Here's a sneak peek from atop new 28-story Hilton Downtown hotel tower
When the Greater Columbus Convention Center broke ground on a publicly funded 28-story Hilton Hotel tower in August 2019, the economy was doing well and the project's future couldn't have looked brighter.
But several months later, the convention center would begin to witness the crumbling of its business model in 2020 as the COVID-19 pandemic shut down travel and public gatherings and put its long-stable revenue streams on life-support.
Yet through it all the hotel continued to slowly rise on the Columbus skyline, a leap of faith for the future. Today, its concrete frame stands largely completed.
On the still open-air top floors, where three lonely cables are the only thing between a visitor and High Street hundreds of feet below, a stiff December breeze blew through the construction zone.
To the west, Nationwide Arena, Huntington Park and the new Lower.com Field could be seen sitting in sequence: one, two, three. To the north, the view along High Street going away from Downtown through the Short North toward Ohio State University spreads out — one that guests will enjoy from an outdoor patio restaurant and bar that will open late next year after the tower is completed.
The chilly interior spaces were a hive of activity, with hundreds of workers filing into rumbling exterior elevators that carry them up to fit out the concrete spaces with windows, electrical wiring, heating, ventilation and air conditioning, escalators and elevators. It all has to be done by late next summer.
When the hotel is completed next year, it will combine with the publicly owned/privately managed Hilton connected across High Street to form Ohio's first 1,000-room hotel. Th convention center is starting to see the green shoots of a travel recovery that officials are confident will continue to grow through next year.
"We think it will be done right when the market is back," said Don Brown, executive director of the Franklin County Convention Facilities Authority, which owns and operates the convention center.
Despite stubborn COVID variants that show no sign of waiving a white flag, convention center officials speak fairly confidently about the future because conventions typically are booked far in advance. And next year year's calendar is substantially set.
They predict business will return almost to pre-COVID numbers, including the payday "citywide conventions," those that book 1,000 or more rooms at two or more hotels, while simultaneously booking meeting, dining and exhibit rooms in the convention center's 373,000 square feet of potentially contiguous exhibit space and 75 "breakout" meeting rooms.
"As we look at kind of the landscape for where we are, we have 25 'citywide' conventions booked for 2022, and that puts us right pretty much where we were pre-COVID, when we were averaging somewhere between 25 and 30," said John Page, the convention center's general manager.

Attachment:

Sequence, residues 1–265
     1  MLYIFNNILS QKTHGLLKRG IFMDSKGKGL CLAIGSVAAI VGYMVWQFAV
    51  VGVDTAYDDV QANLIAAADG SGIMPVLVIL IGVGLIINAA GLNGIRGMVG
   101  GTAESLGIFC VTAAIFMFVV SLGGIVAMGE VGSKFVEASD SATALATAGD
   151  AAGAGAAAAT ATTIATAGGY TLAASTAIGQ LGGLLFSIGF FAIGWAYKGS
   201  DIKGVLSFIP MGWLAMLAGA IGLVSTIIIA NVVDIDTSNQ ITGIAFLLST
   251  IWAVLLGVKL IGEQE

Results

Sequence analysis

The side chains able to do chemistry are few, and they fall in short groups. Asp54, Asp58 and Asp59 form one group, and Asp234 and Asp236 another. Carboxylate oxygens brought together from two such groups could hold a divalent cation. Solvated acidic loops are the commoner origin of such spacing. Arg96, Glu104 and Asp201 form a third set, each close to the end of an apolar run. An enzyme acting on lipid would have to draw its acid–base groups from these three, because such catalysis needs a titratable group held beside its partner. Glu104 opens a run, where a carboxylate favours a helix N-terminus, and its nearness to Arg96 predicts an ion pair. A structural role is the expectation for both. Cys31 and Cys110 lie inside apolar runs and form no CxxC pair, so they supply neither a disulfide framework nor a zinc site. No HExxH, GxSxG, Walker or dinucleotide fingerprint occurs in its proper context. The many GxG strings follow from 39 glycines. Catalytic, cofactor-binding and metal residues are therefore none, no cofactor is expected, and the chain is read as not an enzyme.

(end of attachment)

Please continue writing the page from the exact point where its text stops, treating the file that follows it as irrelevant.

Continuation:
Having the new hotel tower open by next summer will only help attract more future business into 2023 and beyond, said Christian Coffin, general manager of the Hilton Columbus Downtown.
Throw in an "easy airport" to navigate, nearby sporting and concert venues and the walkable Short North, with its mix of dining and night life, and Coffin said Columbus creates a pleasant overall experience for would-be convention-goers to which groups will want to return.
Columbus competes with about a dozen other "second-tier" markets for conventions, such as Indianapolis, Milwaukee, Nashville, Charlotte and Pittsburgh. But the opening of the new Hilton tower "will allow us to punch up in our weight class," Page said.
"We're not going to compete all the time with the Chicagos, and Las Vegases and Orlandos, but every now and then we're going to sneak a punch," Page said.
The new tower's sprawling entry lobby will be open to the center, where convention-goers will be able to stroll in past the check-in counters to overlook a surface-level restaurant with a wood-fired oven that will face out on High Street.
A series of escalators will motor guests up to meeting rooms and two major ballrooms - one 15,000 square feet squarely atop another of 10,000 square feet. The upper one will be the largest hotel ballroom in Columbus, officials say, with an adjacent entry section cantilevered out in a sweeping arch several floors above the hotel's main entrance.
The two new ballrooms will add to the current 12,000-square-foot one directly across High Street in the existing Hilton hotel, connected by an enclosed pedestrian bridge.